Virus Cases Surge Again in Russia, Many From Delta Variant

Virus Cases Surge Again in Russia, Many From Delta Variant

MOSCOW — The Russian government has approved three coronavirus vaccines as safe and effective, but Vadim Zhukov took his own approach to testing: He let a friend take one first.

“I waited to see what happened to him,” said Mr. Zhukov, 21, a university student. His friend was fine. Two months later, Mr. Zhukov was standing in line this week at a vaccination site in central Moscow.

Extrapolated across Russia’s 11 time zones and millions of hesitant citizens, that same wait-and-see attitude toward vaccination has taken its toll.

Russia is again in the grips of a virus surge, despite months of assurances from President Vladimir V. Putin’s government that the worst of the pandemic had passed. The spiraling outbreak has come as a surprise, even in the words of the senior officials behind those assurances.

Russian virologists say that the Delta variant, first found in India, is now the most prevalent strain in Moscow. The mayor, Sergey Sobyanin, told local media on Friday that 89.3 percent of all new coronavirus cases in the city involve the Delta variant.

Quickly rising case numbers put Russia at risk of following in the path of other countries such as India that seemed to have squelched infections only to see a resurgence.

The outbreak is most pronounced in Moscow, the capital, where case numbers have tripled over the past two weeks, according to city officials, who have added 5,000 beds to coronavirus wards. Moscow health authorities reported 9,056 positive tests on Friday, the highest daily figure for the city since the pandemic began.

Russia has reported 125,853 deaths from Covid-19 since the pandemic started, but statistics showing excess mortality over the past year suggest the real number is far higher.

“This dynamic is something of a surprise,” Mr. Sobyanin told a meeting of government officials on Thursday. Mr. Sobyanin suggested that officials had overestimated how long natural immunity from earlier rounds of infection would provide protection.

Across Russia, only 9.9 percent of the population is fully vaccinated, though Russia last summer claimed to be the first country in the world to have approved a vaccine. For comparison, 44 percent of Americans are fully vaccinated.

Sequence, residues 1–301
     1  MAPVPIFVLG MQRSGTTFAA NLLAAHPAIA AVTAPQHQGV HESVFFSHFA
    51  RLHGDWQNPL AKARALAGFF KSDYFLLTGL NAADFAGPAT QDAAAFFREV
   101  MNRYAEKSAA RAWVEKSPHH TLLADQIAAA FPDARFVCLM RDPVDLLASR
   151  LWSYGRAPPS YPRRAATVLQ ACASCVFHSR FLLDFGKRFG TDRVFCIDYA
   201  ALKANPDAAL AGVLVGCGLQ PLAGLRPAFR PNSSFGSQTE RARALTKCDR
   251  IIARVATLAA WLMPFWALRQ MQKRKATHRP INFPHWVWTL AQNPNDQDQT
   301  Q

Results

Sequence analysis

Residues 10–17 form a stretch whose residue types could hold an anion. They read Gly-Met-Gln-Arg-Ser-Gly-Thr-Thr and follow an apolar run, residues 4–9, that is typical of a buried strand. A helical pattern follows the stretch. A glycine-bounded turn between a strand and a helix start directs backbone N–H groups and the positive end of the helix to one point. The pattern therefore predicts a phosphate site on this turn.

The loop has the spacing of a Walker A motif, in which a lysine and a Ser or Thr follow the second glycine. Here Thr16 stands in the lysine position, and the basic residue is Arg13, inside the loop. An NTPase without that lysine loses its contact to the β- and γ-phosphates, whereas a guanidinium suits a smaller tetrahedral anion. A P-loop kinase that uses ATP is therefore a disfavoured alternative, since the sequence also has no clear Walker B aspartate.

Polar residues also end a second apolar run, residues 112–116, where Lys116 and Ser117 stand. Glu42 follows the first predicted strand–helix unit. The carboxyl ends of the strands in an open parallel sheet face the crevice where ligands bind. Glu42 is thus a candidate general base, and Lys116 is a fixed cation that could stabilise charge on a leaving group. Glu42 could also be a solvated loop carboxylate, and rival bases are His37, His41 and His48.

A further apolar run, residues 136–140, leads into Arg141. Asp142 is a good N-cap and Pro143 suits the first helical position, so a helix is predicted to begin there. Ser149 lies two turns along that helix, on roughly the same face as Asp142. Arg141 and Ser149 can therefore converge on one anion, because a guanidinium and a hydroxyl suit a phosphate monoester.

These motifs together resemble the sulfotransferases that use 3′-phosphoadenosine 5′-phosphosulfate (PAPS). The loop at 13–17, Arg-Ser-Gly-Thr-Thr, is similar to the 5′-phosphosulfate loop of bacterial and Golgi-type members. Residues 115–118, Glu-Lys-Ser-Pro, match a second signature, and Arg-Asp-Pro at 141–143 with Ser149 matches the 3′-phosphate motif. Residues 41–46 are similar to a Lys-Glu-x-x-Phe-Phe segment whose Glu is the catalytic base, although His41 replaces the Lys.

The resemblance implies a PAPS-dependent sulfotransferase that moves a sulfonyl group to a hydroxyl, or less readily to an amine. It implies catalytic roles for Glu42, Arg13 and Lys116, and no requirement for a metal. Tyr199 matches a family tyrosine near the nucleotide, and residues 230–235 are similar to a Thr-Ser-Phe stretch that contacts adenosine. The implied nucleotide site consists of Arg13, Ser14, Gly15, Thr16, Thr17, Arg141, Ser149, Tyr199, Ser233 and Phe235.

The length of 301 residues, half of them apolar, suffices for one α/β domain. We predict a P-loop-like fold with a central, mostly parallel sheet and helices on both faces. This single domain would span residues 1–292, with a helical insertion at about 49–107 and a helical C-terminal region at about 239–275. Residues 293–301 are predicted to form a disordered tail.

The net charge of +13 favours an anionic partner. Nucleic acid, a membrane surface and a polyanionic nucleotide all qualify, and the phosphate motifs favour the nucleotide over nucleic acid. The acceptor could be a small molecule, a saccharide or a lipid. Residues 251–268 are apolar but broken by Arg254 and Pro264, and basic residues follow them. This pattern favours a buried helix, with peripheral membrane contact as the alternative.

Cases crept up slowly throughout the spring, then spiked this month.

“For some reason, and I think that reason was political, they said everything is going well,” Dr. Vasily V. Vlasov, a professor of epidemiology at the Higher School of Economics, said of Russian authorities. But now infection rates are “very high, and we need action.”

Over the winter, little was done to encourage Russians to get vaccinated.

In fact, to avoid stimulating demand late last year when vaccines were scarce, Mr. Putin delayed his own inoculation until March, though age-wise he qualified months earlier, the Kremlin press office said. He did not receive it on camera.

Today, skepticism persists even though vaccines are widely available. The Levada Center, a polling agency, surveyed Russian attitudes about vaccination in April and found that 62 percent did not intend to get a Russian-made vaccine, all that is available in Russia.

“They fear side effects. They don’t trust vaccines in principle, or they want to wait and see what happens to other people first” because of a general mistrust of the government, said Denis Volkov, deputy director of the Levada Center.

Russia is now pivoting to mandating vaccines for some public-facing workers in Moscow and three provincial regions and limiting the working hours of restaurants.

Out on the streets of Moscow, on the first balmy days of spring, police tape went up around children’s playgrounds and basketball courts, in a grim reminder of the persistence of coronavirus.

City authorities on Friday announced a requirement that customers present proof of vaccination at restaurants and bars open later than 11 p.m., in a partial introduction of a “vaccine passport” approach to controlling access to crowded spaces.

The partial vaccine mandate introduced in the city this week does not put the onus on individuals. Instead, employers are required to show by Aug. 15 that at least 60 percent of their work force is fully vaccinated.

The policy leaves it to managers to persuade workers to get vaccinated while allowing some to decline. People with medical reasons to avoid vaccination do not count toward the total.

Many Russians flatly refuse to take the Sputnik V vaccine, which the government approved for emergency use last August before late-stage clinical trials had proven its safety.

It has since been proven safe and effective in clinical trials that were subsequently published in the British medical journal The Lancet.

“It makes healthy people sick,” said Ivan Ivanov, a manager at a construction company, interviewed on a sidewalk in Moscow where he was enjoying an afternoon walk. He said he would never get the vaccine. “I believe in God and God helps me.”

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